Ten different schools in the Puyallup valley will be participating in a district-wide lahar drill Tuesday, Sept. 30, 9:30 a.m.
Though the Puyallup School District has not avidly participated in systematic drills in the past, Puyallup Principal Eric Fredericks plans to change this starting this school year.
“The awareness is great. There is great benefit to this [lahar drill]. There is more that we will need to do down the road but I think as the first attempt there is great opportunity to problem solve, go over what went well [after the drill] and we can go from there,” Fredericks said. “It never hurts to be safe. I am not a survivalist type of guy by any means but it never hurts to be prepared and to know what your options are.”
Tuesday morning, students of all ages, kindergarten through twelfth grade will be walking from the valley all the way up to the cemetery on 9th street on the hill. This drill is a model created in efforts to effectively practice and somewhat prepare in the case of a natural disaster such as lahar.
The Puyallup Police Department will be blocking traffic during the drill and the usual costs from the city to block traffic will be waived. Fredericks plans on the drill taking about an hour to complete from start to finish, keeping in mind that he wants to make the experience an effective training tool but kept to a timely manner.
“I assume good intentions and that if we collectively are informing students about this ahead of time with the expectation of them being safe and thoughtful. This can be a great opportunity to be a role model to some elementary kids and be a buddy to them,” Fredericks said. “I think everybody is going to make the right choice, I have confidence in them. I really have no worries.”
Barb Pope who is currently in charge of risk management for the Puyallup School District played a role in the decision to participate in the drill.
“As a parent of two children here, not only in the school district but more specifically in this school I cannot imagine, that I am going to know when this stuff happens. We all have our responsibilities. I want my wife to know and be reassured so she knows that I am taking care of you guys and my children,” Fredericks said.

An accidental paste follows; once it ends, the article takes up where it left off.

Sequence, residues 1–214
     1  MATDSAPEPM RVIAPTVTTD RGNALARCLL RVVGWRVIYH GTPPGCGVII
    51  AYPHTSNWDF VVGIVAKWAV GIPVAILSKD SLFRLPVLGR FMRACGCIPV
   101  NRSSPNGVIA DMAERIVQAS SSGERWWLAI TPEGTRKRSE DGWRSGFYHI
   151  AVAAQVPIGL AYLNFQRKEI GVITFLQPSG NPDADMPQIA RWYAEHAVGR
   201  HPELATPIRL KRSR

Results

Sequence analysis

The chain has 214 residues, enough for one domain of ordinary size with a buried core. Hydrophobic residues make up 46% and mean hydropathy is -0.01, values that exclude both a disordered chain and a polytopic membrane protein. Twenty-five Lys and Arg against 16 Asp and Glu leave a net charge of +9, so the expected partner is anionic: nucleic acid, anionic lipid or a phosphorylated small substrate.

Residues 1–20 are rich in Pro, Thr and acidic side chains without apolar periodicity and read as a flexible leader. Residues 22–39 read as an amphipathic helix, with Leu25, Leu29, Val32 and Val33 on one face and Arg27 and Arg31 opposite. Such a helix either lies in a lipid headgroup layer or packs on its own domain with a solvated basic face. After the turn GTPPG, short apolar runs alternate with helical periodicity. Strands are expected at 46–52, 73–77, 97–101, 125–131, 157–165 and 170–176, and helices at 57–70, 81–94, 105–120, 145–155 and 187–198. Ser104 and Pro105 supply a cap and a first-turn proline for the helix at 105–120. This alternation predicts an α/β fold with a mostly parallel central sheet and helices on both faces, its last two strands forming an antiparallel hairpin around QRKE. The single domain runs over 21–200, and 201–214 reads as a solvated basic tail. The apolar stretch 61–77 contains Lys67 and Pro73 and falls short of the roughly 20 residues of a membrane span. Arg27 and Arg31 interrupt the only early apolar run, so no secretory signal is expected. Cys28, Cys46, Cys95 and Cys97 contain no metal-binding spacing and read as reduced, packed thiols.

This drill is going to involve more than just Fredericks and has taken much time and planning on everyone’s part. Officer Mark Ketter will play a very vital role in this drill to make sure it is effective and runs smoothly.
“We started working in the summer to plan it. We have gone to every school and talked to the administration there. We have driven every route and found staging areas. We looked at the amount of time we are going to have, how many kids we have and what the fastest route to get through is to try and avoid major roads so we do not block traffic,” Ketter said.
During this drill there will be an appointed officer for each school who knows the routes to help move everyone along in a timely manner along with Barb Pope to oversee everything as the bigger picture
“I would rather plan and practice it when everyone is aware of what is going on rather than in the actual emergency. There is a ton to think about when you have a wide variety of students with age ranges and different physical capabilities. It is not only just for lahar. This could be any type of evacuation that we are going to need if there is some type of a flood, a natural gas leak or something that requires us to move the whole student population in a quick way to a safe place,” Ketter said. “Nobody has ever done anything this big. We are doing more drills and starting to practice because you just never know. I would rather practice just because rather than have chaos when something actually happens.”
The Puyallup Police Department is working with the school district in preparing for this drill by setting up electronic reader board signs on the road to alert community members
“Picking a date and time that works for everyone was probably one of the more difficult tasks we had. In addition to the signs we are going to put out the Puyallup Police Department has a Twitter feed and a Facebook we are going to put it on. We are going to try and let everyone know in the community what is going on so it is not a shock,” Ketter said.
In terms of managing the numbers, the hope is that everyone involved will treat this drill as a real emergency.
“We are hoping that students will take it seriously, teachers will be in charge of the classrooms and administrators in charge of their teachers and everybody takes it seriously. There should not be any problems that way,” Ketter said.